But also intrinsic to these pieces is the act of being heard. The ephemeral nature of internal dialogue is removed in its explication for another; transferred from one cerebral site to the next, the thoughts submit to a paralysis as their newfound clarity subverts their capacity for potential. The moment is bracketed, wrestling meaning from rest.
In an essay titled “Circuitries”, Nick Land suggests that “the high road to thinking no longer passes through a deepening of human cognition, but rather a becoming inhuman of cognition”. Concomitant with this theory, introspection, rationality and considered thought are displaced in Josh Berson and LUSTLab’s Cartographies of Rest: The Spectral Envelope of Activity and Mood, in which an interactive sound installation presents the fleeting “mood landscapes” of participants.
The commonality of the piece means that the archipelagos of concurrent rest remain transitory.
“Once a day, participants received a notification on their mobile phones asking them to comment on their state of being. […] When you touch a point in the plot, you will hear the corresponding sounds recording and see, on the small screens, a spectral analysis of that sound, the mood-path traces by the respondent, and a view of their location.”
Ranging from “falling asleep” to “feeling sped up”, and “despairing” to “euphoric”, the undulating mood paths retain an ambiguity that is heightened by the uniform visuals of the points in the plot. The graphic drips shivering down the screen become a multiplicity; an arrangement of planes that the viewer could easily have seen, been or indeed pressed before. The commonality of the piece, made possible by the technology Shabbat rejects, means that these archipelagos of concurrent rest remain transitory. Unique in neither expression nor execution, the data sets figure rest as Massumi does the event: a quiet moment of vitality that is then replicated in, and for, the viewer.
Like Coyle’s The Floating Thirty-Nine, the quotidian nature of Berson and LUSTLab’s piece is pivotal to its reiteration as creative event. Massumi discusses with Heathfield the nark of a dog that had interrupted them:
“The bark was a single event for our conversation, even though it was composed of any number of mini-events. It figured in our conversation as a continuity: one bark, rolling across its pulses. It presented itself with a dynamic unity of unfolding that cut it off on the one hand from the continuity of the ambient background sound, and on the other made it cut into the continuity of our conversation: cut and continuity.”
Cartographies of Rest makes manifest the duality of a resting state: distinctive from a moment of cognition yet pivotal to that same moment’s formation. This rest, figured as a social, transient potential, is precisely what Antonia Barnett-McIntosh’s composition Breath brings to the fore. As she writes in “R-E-S-T and Composition: Silence, Breath and aah… [Gap] Musical Rest”, “where sound exists so does silence: they permeate each other. Musical rest corresponds to sound: preceding, proceeding, creating space in the middle, as a counterpart, creating context.”
The attending flute performance presents the force of this in-between rest as both a testament to the artist’s ability and a sonic technique in its own right, “exposing the inhale as an equal partner to the exhale”. The extension of breath and breathlessness to their absolute limits, without ever playing a note, forms a work that is wholly focused on the mini-events of Massumi – the nexus of activity that precludes the event. However, what Barnett-McIntosh’s piece also gives rise to is the sense of rest as an “in-bracing”.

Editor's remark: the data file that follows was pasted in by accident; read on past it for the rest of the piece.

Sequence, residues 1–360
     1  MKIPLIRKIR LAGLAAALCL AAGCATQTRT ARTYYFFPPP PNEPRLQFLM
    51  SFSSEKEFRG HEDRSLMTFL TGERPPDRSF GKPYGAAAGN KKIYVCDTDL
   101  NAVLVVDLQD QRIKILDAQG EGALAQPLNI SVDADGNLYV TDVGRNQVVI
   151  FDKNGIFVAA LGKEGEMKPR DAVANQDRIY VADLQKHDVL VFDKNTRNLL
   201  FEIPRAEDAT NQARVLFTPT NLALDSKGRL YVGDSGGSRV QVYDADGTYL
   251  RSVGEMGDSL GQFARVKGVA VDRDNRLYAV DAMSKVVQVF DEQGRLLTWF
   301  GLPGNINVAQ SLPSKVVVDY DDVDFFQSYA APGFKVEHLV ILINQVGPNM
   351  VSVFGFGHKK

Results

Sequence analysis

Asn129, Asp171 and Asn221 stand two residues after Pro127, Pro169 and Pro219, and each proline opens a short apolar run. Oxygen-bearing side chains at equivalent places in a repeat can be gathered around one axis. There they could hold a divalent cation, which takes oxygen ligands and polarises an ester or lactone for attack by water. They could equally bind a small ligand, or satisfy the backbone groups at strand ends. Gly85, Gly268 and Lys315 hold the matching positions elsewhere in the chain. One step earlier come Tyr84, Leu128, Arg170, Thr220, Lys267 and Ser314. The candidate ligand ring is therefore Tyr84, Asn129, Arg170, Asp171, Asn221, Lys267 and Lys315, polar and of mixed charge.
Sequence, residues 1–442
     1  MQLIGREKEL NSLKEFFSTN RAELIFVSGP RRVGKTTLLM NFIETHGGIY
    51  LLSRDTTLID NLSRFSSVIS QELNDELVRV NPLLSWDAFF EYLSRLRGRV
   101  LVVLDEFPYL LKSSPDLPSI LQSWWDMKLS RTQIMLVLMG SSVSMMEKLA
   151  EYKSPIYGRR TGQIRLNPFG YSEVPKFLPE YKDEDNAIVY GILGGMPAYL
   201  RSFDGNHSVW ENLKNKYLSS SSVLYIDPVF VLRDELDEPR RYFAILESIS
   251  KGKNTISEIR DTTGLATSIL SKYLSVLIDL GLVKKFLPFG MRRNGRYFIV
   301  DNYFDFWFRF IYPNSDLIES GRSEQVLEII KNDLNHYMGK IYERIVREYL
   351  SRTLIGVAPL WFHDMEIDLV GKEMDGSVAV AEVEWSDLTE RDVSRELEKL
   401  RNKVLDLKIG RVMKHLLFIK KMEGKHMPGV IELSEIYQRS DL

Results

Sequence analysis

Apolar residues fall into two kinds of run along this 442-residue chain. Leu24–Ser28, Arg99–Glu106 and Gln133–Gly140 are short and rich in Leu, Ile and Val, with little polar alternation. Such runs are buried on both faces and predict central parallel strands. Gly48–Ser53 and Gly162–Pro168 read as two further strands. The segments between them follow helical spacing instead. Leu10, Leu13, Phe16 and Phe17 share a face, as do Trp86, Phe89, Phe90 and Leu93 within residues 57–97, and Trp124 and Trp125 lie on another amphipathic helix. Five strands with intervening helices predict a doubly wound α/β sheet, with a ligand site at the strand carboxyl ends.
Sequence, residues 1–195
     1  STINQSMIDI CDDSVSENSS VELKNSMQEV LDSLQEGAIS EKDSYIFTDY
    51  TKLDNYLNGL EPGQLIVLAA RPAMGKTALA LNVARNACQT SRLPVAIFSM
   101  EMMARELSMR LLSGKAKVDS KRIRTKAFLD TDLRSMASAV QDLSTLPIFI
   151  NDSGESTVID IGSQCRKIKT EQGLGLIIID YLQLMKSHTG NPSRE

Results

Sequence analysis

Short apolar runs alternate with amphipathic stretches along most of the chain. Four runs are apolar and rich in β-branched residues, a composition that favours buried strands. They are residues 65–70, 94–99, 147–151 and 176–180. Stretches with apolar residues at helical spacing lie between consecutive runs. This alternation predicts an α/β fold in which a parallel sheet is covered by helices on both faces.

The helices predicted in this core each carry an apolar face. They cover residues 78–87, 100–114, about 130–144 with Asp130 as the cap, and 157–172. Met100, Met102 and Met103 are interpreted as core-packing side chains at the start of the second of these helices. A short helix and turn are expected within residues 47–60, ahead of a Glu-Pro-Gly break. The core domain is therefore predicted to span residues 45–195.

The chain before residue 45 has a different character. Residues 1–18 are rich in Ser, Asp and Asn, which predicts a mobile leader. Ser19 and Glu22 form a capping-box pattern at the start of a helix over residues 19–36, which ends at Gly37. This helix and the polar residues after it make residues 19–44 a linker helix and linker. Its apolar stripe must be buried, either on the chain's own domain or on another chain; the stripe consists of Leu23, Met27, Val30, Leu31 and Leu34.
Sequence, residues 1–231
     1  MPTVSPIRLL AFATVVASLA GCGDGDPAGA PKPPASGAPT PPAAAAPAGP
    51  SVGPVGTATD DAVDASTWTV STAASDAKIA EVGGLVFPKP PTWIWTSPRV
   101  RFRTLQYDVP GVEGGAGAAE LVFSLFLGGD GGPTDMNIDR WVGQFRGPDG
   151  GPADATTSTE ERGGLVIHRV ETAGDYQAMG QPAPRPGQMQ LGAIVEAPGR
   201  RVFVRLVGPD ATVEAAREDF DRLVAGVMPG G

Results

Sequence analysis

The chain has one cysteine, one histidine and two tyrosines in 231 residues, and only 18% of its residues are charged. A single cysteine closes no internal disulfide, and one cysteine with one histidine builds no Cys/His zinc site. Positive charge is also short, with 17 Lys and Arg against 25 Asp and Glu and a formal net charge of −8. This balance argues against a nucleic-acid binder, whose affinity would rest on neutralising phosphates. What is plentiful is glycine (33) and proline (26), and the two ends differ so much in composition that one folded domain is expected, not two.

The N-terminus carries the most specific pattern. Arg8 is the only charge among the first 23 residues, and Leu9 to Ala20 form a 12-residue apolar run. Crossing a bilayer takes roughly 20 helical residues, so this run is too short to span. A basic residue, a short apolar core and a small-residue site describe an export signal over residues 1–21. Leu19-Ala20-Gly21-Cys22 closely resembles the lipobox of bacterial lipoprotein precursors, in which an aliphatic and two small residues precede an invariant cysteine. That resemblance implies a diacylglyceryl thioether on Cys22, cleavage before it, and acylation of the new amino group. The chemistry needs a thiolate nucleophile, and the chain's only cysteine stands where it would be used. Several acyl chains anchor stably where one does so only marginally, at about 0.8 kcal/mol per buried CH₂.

“It’s less that you’re in your head bracing for what’s coming than you’re in the potential of the event, body and soul braced into the event as surely as your seat belt braces you to your car. You are utterly absorbed in the event, at no distance from its happening. In that bracing, you can’t know exactly how it will turn out, but you certainly know how it’s ‘like’ to be in that event.”
The resting of tools is mapped as the acquisition of social labour, both empty and full of value.
Breath inspires this in-bracing through its semblance to the event of an instrument playing (particularly when considering music, like the island, as a harbinger of rest – a concept beautifully explored by Holly Pester and Clair Tolan in their sound-work Brush: A Commoning Lullaby for our friend’s “Rest”). The privileging of breath over note brings about an experience at once familiar and estranged from other musical performances: a rest, emblematic of silence, becomes “the restless energy field of the quantum void”; an act typically disguised or repressed (not unlike the wandering mind) is intensified.
At 2:13pm, Coyle discusses the etymology of “Shabbat”: “the Hebrew word ‘Shabbat’ comes from the shoresh (root word) ‘Shavat’, which can be translated as ‘a cessation of work’. This might be more accurately described in modern terms as ‘to strike’.” A concept that warrants particular specificity given the cultural and political climate of contemporary Britain, the strike as a mode of activity that also harmonises rest and restlessness is richly represented by Boycott Workfare’s anti-work wall installation.
Here, the resting of tools is mapped as the acquisition of social labour, both empty and full of value. Like the dog’s bark, the activity ripples through its pulses – a cut and continuity; the hermit and the idyll. Land argues that nature “is the space of unplanned synthesis, which is thus contrasted with the industrial sphere of telic predestination: that of […] human work.”
From works such as Breath and The Floating Thirty-Nine, to James Wilkes’ The Lathe Had Melted, comprised of four fictional texts, or SJ Fowler’s performance series Soundings, Rest and its Discontents reframes rest as a catalyst, rather than lack, of activity; a space of unplanned synthesis, interminably resistant to attempts at conception.
Image credits (from top):
1. Patrick Coyle, The Floating Thirty-Nine, 2016, Adapted solar pond lights.
2. Patrick Coyle, The Floating Thirty-Nine, 2016, Adapted solar pond lights.
3. Ed Prosser, Experience Composite, 2016, still from film.
4. Josh Berson and LUST, Cartographies of Rest: The Spectral Envelope of Activity and Mood. Mile End Art Pavilion. Photo: Peter Kidd, 2016
5. Rest & its Discontents – Mile End Art Pavilion installation view. Photo: Peter Kidd, 2016